I vote Cordito to be the easiest sauerkraut to add to your menu. It’s Mexican in origin, made with carrots, onions and cabbage and seasoned with oregano and red pepper. You just throw it on with the salsa, sour cream, olives, and other toppings you’re layering in your taco, and then enjoy the subtle-yet-incredibly-authentic flavor it adds to every bite.
I still can’t believe I just basically wrote an ode to sauerkraut. But I’m not lyin’, peoples. This really is another painless experience in adding lacto fermented condiments into your plate.
1 large cabbage, cored and shredded
1 c. grated carrots
2 medium onions, quartered lengthwise and very finely sliced
1 T. dried oregano
1/4-1/2 t. red pepper flakes
1 T. sea salt
4 T. whey (if not available, use 1 additional T. salt)
Mix all ingredients in a large bowl. Pound with a wooden pounder or meat hammer for 10 min. to release juices. (I don’t have either of those tools – I use the bottom of a quart jar!) Place in 2 quart sized, wide mouth mason jars and press down firmly until juices come to top of cabbage. The top of the cabbage mixture should be at least 1 inch below the top of the jars. Cover tightly and keep at room temperature for about 3 days before transferring to fridge. (Recipe from Nourishing Traditions)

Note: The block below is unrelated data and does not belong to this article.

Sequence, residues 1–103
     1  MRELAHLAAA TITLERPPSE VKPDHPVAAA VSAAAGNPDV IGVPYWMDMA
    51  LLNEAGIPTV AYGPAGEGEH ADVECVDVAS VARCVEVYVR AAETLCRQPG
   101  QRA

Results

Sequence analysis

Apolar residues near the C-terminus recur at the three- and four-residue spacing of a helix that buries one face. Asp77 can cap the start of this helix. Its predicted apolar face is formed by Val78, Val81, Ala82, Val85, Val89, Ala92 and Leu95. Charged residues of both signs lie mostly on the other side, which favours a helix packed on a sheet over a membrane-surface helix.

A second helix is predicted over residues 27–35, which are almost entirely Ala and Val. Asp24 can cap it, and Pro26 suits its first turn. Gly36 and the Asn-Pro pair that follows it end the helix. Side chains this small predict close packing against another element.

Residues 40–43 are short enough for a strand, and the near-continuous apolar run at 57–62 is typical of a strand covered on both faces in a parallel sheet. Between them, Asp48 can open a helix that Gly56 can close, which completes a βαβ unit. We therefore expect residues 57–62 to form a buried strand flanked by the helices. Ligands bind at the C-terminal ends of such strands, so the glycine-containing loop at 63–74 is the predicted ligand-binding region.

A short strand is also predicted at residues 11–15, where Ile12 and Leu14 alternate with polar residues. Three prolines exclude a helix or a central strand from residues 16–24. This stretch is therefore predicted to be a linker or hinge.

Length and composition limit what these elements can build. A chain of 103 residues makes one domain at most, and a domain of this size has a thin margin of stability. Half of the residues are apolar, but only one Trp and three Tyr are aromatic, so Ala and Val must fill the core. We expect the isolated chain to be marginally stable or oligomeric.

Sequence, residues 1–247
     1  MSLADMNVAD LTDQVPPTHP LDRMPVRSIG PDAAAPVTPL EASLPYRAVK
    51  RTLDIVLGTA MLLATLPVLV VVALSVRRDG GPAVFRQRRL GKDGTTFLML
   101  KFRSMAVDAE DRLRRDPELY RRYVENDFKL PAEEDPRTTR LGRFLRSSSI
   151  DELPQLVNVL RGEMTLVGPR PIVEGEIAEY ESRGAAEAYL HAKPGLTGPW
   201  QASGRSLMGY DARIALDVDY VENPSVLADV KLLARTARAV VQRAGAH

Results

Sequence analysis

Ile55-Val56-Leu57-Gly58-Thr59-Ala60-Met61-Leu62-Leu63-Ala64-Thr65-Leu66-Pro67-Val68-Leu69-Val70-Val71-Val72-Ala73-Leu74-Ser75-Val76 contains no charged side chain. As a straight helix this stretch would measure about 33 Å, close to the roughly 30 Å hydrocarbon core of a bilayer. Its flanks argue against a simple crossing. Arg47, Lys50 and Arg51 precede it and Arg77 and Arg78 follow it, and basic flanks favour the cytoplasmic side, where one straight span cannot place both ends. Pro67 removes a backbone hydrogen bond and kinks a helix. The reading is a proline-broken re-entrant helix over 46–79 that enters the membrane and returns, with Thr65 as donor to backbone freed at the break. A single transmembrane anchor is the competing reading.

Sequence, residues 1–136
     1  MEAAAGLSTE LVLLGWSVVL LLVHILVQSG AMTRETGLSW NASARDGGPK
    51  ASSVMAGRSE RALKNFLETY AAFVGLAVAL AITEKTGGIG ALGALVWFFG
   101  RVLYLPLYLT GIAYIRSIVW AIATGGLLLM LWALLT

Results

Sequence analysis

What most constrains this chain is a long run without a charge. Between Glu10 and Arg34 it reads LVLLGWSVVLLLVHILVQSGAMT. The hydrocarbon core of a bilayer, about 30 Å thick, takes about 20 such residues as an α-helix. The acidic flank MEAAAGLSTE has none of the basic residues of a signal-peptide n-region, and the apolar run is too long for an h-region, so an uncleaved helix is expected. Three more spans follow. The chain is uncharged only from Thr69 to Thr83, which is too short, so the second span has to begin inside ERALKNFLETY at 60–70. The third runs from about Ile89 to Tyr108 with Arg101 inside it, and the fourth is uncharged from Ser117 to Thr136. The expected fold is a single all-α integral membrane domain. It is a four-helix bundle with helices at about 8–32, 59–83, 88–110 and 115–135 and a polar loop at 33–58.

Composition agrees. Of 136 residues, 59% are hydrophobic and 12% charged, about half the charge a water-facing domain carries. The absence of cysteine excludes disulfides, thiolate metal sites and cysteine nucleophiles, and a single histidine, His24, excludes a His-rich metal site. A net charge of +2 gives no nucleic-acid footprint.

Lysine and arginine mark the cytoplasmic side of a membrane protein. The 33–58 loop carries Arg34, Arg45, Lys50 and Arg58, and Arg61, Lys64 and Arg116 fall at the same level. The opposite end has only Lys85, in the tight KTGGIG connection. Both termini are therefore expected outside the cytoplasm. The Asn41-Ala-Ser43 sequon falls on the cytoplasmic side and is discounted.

Here’s my favorite thing about Cordito – it blends in so well with the many other toppings on a taco or things you toss in a taco salad, that I’ve actually got my husband and kids to eat this one. When we have taco salad as a family, I’ve taken to tossing the lettuce, meat, cheese, and crushed chips in a bowl with most of the toppings, then let Jeremy add more hot salsa to his serving if he wants it. This means simpler serving for the kids, and lots less fuss for Mom. A few tablespoons Cordito are hardly noticed amongst spoon-fulls of sour cream and salsa, and down the hatch it goes. 🙂
I have another condiment I absolutely love for Mexican night—Cultured Refried Beans—but you’ll have to go to the book for that recipe. 🙂
Next…the sauerkraut I learned to love while on GAPS…Kimchi!
See all posts in my Loving Sauerkraut series here.
Salvadorian not Mexican
Close: It’s Curtido (sometimes spelled Cortido) rather than Cordito, and it’s from Central America rather than Mexico. And it is good!